The third in a series of five blog posts by Julia Johnston (author of If Everyone Knew Every Plant And Tree) charting her journey from preparing to submit her manuscript to agents, through to the self-publishing of her debut novel.
This week: revising and rewriting for literary agents.
Of the twelve submissions I made to literary agents, two of the four who read the full manuscript were interested. So I chugged up the confidence roller coaster…
There I was in the peculiar and welcome position of two agents giving both positive feedback and much valued suggestions for change at the same time.
Agent numero uno questioned the inclusion of a ‘horticultural’ theme: ‘With the objective of Oliver being relatable to the target audience, I’m afraid I did question his interest in horticulture.’ He advised me, too, that we don’t actually see that much of it going on. He did say, ‘I know the horticulture element gives you this brilliant title, but I’m afraid I do worry about it’.
Agent numero dos suggested I add in more planty/tree-ey type scenes. At least there seemed to be a vague consensus—ensure the theme runs throughout. Though they didn’t agree on the inclusion of the theme, wonderful to have two excellent literary agents offering similar recommendations.
Uno asked that I work exclusively with him—‘If you want to revise the novel along the lines I have suggested, then I might suggest you pull it from other agents now.’
He assured me that, although there was no guarantee of being taken on, it meant he was ‘very interested.’ There were novels with his title and his opening line out there, for which he was given no credit, he told me, as the writer had signed with another agent. I agreed to put on hold any communications with other agents and take some time to make revisions. Exciting times, full of promise, rattling up that coaster...
I rocked back and forwards for weeks, assimilating his notes, mulling it all over, planning mentally how to implement changes. Some were smallish and some were big, like changing the age of the protagonist. ‘Now that I'm making Oliver fifteen, would it be okay with you, in the first instance, if I kept the horticultural angle?’
The question was not answered. He didn’t say ‘no’ so I took it as a ‘yes’.
The rewrite was no mean feat. Changing the age of any character affects everything: language, predilections, relationships, emotions etc. You have to more or less start again.
After a month or so tackling the rewrite, I sent it, with racing heart, to Uno.
Two months later, I heard back.
He said he had read half of it, and didn’t think it was, ‘working quite right.’ I know it’s a business, but I can't pretend I wasn't upset that there was not one positive comment in his rejection email. My eyes are stinging now, remembering how I felt.
Six months had elapsed between my initial submission and the email turning me down. And I don’t imagine that’s out of the ordinary. Of the three sentences he wrote in the body of the email (you heard right), one of them was, ‘I’m afraid I still don’t really think the horticulture aspect is going to be interesting enough to the audience.’ I was kicking myself. Had I been too precious about my work?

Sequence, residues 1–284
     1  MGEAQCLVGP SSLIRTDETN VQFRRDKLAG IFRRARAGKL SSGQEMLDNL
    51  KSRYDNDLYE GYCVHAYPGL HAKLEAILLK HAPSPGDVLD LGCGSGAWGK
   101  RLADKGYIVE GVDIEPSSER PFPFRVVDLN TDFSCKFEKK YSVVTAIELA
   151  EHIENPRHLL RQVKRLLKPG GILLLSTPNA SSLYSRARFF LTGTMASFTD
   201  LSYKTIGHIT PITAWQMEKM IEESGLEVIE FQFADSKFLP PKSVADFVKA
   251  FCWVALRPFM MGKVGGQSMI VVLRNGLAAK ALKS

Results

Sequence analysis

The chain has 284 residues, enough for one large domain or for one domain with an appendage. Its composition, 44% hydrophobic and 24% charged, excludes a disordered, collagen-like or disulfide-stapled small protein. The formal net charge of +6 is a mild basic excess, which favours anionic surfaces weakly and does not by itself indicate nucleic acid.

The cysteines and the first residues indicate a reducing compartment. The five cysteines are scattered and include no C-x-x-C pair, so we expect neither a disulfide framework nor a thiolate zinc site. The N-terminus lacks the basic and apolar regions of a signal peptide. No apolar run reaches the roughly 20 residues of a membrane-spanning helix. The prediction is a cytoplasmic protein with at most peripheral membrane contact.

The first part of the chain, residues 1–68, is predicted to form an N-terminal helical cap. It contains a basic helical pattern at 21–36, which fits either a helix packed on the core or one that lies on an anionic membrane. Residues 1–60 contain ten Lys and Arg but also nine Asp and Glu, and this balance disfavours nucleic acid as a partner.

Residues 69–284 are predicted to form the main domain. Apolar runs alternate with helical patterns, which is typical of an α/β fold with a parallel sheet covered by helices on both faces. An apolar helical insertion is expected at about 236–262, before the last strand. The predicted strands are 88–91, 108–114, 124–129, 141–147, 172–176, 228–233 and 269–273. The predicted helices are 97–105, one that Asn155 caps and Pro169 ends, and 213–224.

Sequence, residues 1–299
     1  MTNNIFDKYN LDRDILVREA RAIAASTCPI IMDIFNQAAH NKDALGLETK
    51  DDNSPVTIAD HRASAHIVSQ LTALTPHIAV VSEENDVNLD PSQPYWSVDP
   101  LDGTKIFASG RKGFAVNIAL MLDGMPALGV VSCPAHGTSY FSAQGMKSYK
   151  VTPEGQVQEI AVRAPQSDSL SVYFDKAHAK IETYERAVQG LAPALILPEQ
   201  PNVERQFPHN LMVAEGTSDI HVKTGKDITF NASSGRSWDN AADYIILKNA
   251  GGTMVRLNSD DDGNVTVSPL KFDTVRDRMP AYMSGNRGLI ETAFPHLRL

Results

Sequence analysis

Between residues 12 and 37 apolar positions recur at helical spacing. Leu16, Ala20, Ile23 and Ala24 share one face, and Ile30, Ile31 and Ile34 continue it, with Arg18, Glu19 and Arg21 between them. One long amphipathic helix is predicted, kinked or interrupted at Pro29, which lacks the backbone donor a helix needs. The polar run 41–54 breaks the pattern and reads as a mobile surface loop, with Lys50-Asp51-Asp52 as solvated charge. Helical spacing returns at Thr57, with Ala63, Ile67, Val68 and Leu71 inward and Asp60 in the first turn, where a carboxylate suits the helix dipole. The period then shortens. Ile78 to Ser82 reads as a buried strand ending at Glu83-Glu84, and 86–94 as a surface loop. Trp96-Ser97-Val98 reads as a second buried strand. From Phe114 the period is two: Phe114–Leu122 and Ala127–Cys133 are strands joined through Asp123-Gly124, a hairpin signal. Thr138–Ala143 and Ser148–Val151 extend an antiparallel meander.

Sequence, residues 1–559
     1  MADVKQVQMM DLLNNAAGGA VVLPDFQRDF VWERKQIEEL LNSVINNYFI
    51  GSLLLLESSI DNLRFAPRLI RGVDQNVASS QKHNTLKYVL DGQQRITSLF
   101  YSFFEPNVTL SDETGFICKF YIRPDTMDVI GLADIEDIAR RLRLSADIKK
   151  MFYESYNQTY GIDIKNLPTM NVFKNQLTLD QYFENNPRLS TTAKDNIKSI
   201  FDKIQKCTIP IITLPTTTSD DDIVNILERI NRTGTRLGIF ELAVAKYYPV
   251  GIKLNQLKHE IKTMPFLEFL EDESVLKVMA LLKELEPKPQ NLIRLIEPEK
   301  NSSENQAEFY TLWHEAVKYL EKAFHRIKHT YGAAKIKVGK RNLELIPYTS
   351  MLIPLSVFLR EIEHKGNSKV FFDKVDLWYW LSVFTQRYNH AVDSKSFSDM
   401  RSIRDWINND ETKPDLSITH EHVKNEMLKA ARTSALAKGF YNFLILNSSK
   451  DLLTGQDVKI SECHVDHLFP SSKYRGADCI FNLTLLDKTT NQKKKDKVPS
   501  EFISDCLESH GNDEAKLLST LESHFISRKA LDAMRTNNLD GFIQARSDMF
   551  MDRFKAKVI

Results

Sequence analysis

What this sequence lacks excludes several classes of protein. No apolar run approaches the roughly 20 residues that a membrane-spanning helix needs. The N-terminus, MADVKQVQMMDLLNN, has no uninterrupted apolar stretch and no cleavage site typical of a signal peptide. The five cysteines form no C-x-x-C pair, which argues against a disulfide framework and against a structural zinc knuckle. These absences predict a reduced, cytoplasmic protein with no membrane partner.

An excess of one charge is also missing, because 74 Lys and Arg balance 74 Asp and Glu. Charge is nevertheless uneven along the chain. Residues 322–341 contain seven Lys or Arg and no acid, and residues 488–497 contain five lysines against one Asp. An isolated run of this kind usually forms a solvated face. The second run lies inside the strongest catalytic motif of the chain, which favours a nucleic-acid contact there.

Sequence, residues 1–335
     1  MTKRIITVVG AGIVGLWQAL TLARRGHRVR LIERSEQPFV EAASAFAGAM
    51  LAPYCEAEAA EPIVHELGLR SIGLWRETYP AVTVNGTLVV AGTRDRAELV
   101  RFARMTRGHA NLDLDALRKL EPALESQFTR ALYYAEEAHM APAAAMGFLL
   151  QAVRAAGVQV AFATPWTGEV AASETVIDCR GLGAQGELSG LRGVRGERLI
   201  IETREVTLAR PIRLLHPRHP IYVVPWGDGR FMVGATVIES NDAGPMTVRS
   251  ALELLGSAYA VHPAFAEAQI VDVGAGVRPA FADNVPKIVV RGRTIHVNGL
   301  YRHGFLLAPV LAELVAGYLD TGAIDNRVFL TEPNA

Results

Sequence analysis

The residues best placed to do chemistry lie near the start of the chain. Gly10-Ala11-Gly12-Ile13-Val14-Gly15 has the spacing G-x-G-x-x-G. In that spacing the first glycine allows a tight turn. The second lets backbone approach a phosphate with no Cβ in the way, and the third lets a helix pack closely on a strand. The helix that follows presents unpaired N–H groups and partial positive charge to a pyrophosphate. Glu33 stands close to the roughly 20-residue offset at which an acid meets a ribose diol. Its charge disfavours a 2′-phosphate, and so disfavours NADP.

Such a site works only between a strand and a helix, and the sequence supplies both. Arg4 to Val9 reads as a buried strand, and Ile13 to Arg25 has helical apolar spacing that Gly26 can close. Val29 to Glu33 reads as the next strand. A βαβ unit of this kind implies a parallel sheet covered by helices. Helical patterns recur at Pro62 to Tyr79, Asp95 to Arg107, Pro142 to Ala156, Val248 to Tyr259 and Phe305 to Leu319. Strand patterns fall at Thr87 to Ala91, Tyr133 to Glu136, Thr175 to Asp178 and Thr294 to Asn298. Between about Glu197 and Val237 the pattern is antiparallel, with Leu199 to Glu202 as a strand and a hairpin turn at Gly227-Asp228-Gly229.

I truly appreciate the job of literary agents, and I am most grateful for the time and valuable advice from Uno. And I get that rejecting writers, even ones with whom they’ve worked, is par for the course, but... neh, no point in going on about it. Safe to say, the roller coaster more or less buckled and cast me into cactus world (wretched horticultural references!).
Enter Agent Dos, stage left. No, she didn’t snap me up, but wrote a candid and caring email. I’d been agonising over why I hadn’t found myself able to drop the plant/flower/tree theme. It was surely due to my reluctance to play ball, Uno-style, that I wasn't signed up. After all, he had said, ‘…if you want to revise the novel along the lines I have suggested...’
What Dos wrote is, I hope, enlightening for any would-be-author at the stage of working alongside a literary agent.
I think with changes you have to remember that this is your book – if something feels wrong, don’t think that just because someone else suggests something that it’s automatically right; we’re just another opinion (hopefully informed by the market, but ultimately still just a person with personal tastes). Books about children dealing with [themes] are out there so you need to make yours stand out – the most convincing way to do this is the voice of the main character through your writing, and if Oliver’s plant and tree interest gives him something unique, then my advice would be to keep it.
I might be kicking myself soon when I see your publication announced!
I do truly appreciate the invaluable assessment and suggestions from both the above agents. In effect, they spent precious time on my novel with no reward, so for that, I am truly grateful.
Ultimately, the experience drove me to 'grow' as a writer in a commercial world. You’ve got to be brave, bite the bullet, and get on with it.
What about you, dear fellow writers—any meaty rejection tales? Would love to hear other stories of being led up the garden path only to be flung into nettles. ('Fly further off, hapless plant and tree theme...!')
Take thinking time, but be brave! (a rewrite might be the hardest thing you’ll ever do, but it’ll be worth it…)
Remember it is your book! (suggestions are just that)
Be grateful and forgive! (easy to be embittered, but an agent’s opinion is not a wrong-doing)
Some suggested reading:
‘Write to be Published’ by Nicola Morgan, reveals the workings of publishers’ minds, along with other gems of information and advice.
Enter stage right - a timely conference on self-publishing run by Writers & Artists.